The Battles We Fight By Thomas Dreyer

David’s and Goliath’s story represents an unlikely victory, which occurred in David’s and the entire nation of Israel’s favor. We use the analogy to build our faith when asking GOD to help us overcome and to encourage others. The LORD grants victory by His Mercy when it may come across as an unlikely win.

David became symbolic of an underdog achieving greatness. Upon closer examination it is clear that victory was more likely than not. The battle was won before it began, but the Israelite army did not know this.

The Israelite army was physically standing on one side of a hill. On the opposite side of the hill camped the Philistine army. Between the two was a valley. In order to attack from either side an army would need to move down the side of the hill, through the valley, and up on the other side.

This meant the army approaching would be vulnerable to the awaiting army. This is the reason why the Philistines and the Israelites were set in a deadlock staring at each another for days. Not one of the two armies was willing to make the first move.

The Philistines simplified the way to solution. They sent their hero, Goliath, to challenge the Israelite champion. The outcome of the fight would then become the outcome of the war in total. This was a cultural tradition that people of those days would use to stop major bloodshed in large wars.

Goliath was an impressive giant in stature. The Israelites were scared to face him. No one within the Israelite camp had the courage to face Goliath, except for David.

Medical articles have been written with regard to Goliath’s physical body compared to his fellow Philistines. Medically “giantism” is a deformation caused by a pituitary gland tumor in the brain, which then further abnormally excretes growth hormones. This results in atypical larger growth than others.

Throughout history and even up until today, people that have grown above and beyond normalcy have commonly been diagnosed with “giantism.” Even though their stature may be something significant there are side effects.

One of these side effects is a loss of stamina. Another side effect found in most cases of giantism is the lack of clear eyesight. Individuals would either have severe tunnel vision or very blurry vision. Within the story of David and Goliath we find clues that Goliath could not see so well.

The first of these clues is highlighted while David came down the hill toward Goliath. The giant did not see who was approaching. It is written that Goliath was surprised once he saw David. Surprised to see who and what was standing in front of him. Even then he could not clearly see.

The story goes that Goliath questioned David on why he approached him with “sticks” in the plural and not “stick” in the singular of which David had only one. Goliath never saw the sling. After Goliath hit the ground David removed Goliath’s sword from his sheath and cut off his head.

This means that Goliath approached David with his sword still in his sheath expecting to meet David on the battlefield to engage in hand-to-hand combat. Goliath never expected a sling.

There is much to be said for David. The story mentions that he was well equipped and experienced with his sling. David used the sling to protect his sheep as a shepherd, and in doing so was a greatly successful shot.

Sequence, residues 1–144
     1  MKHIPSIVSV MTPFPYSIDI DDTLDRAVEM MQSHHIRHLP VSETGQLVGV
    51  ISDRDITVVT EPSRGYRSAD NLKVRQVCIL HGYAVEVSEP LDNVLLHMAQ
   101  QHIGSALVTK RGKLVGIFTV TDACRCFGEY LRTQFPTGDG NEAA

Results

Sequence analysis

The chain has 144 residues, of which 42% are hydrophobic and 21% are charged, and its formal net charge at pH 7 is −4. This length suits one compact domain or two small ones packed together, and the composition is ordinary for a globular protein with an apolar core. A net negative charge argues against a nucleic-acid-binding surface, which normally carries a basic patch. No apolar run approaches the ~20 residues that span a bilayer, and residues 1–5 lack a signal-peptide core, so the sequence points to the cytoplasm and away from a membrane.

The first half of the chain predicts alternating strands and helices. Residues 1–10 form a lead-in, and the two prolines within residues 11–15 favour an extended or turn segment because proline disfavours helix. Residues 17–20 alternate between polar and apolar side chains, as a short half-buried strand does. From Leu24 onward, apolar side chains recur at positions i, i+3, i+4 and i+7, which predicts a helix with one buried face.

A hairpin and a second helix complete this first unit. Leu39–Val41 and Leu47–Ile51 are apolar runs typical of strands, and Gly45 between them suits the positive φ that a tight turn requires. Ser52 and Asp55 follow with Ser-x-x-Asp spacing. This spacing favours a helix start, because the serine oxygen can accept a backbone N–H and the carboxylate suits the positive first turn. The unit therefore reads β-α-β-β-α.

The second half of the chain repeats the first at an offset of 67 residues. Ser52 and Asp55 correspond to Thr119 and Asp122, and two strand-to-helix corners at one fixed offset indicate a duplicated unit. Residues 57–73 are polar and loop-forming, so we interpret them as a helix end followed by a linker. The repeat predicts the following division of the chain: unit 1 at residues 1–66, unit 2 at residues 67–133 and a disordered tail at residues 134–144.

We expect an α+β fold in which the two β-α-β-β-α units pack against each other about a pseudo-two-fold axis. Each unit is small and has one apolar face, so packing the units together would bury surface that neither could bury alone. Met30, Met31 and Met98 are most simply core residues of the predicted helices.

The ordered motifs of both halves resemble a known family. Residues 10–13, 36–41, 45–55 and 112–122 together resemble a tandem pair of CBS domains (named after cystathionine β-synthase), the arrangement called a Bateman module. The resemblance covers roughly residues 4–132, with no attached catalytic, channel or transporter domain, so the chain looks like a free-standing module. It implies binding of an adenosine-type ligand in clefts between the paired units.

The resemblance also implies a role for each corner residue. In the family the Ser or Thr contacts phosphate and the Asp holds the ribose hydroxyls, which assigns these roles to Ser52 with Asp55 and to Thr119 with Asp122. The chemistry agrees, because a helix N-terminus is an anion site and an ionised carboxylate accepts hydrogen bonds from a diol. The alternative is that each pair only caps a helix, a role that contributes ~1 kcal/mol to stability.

Archaeological findings of the Aramean culture shows that artillery members armed with slings became a deciding factor in war efforts. Artillery members armed with slings were accurate within about 180 meters. They were able to hit birds in flight.

When a projectile leaves a sling it would roughly travel at about 160 kilometers per hour. David had no military or artillery training, but due to his success with the sling we can assume he was likely accurate to about 100 meters. The projectile may have left his sling clocking at least 120 kilometers per hour.

Goliath brought a knife to a gunfight so to speak. David had every intention to hit Goliath between his eyes, even more so David had every intention to attack the giant from a distance to avoid hand-to-hand combat. Goliath did not have the capacity to fight David from a distance.

Goliath was possibly outfitted with modern weaponry of the time, yet his abilities were only toward hand-to-hand combat. His strength became his weakness.

David was not the unlikely winner or the underdog. Goliath was the underdog. The Israelites missed this because of Goliath’s stature. David was brave to take the step in faith to approach Goliath.

The victory is ours. We see the winning patterns throughout The Bible. Jericho walls falling is a different example of victory. The Israelites travelled out of Egypt toward The Promised Land. Although GOD promised the land is theirs, they were scared to see past the giants seen within the city walls.

It cost the Israelites 40 years circling the desert until Moses died and Joshua took over to make the step in faith to approach Jericho. Jericho was open for the taking. The Israelites marched six (6) times around the walls of Jericho and on the seventh (7th) time with loud shouting, noises and shofars the walls fell.

GOD displays His Patterns of Winning. We as His children need to step out in faith to live in victory. This means that the obstacles in our way may appear to be mountains or giants but are already conquered by our LORD Christ Jesus.

— Thomas Dreyer

By Landon

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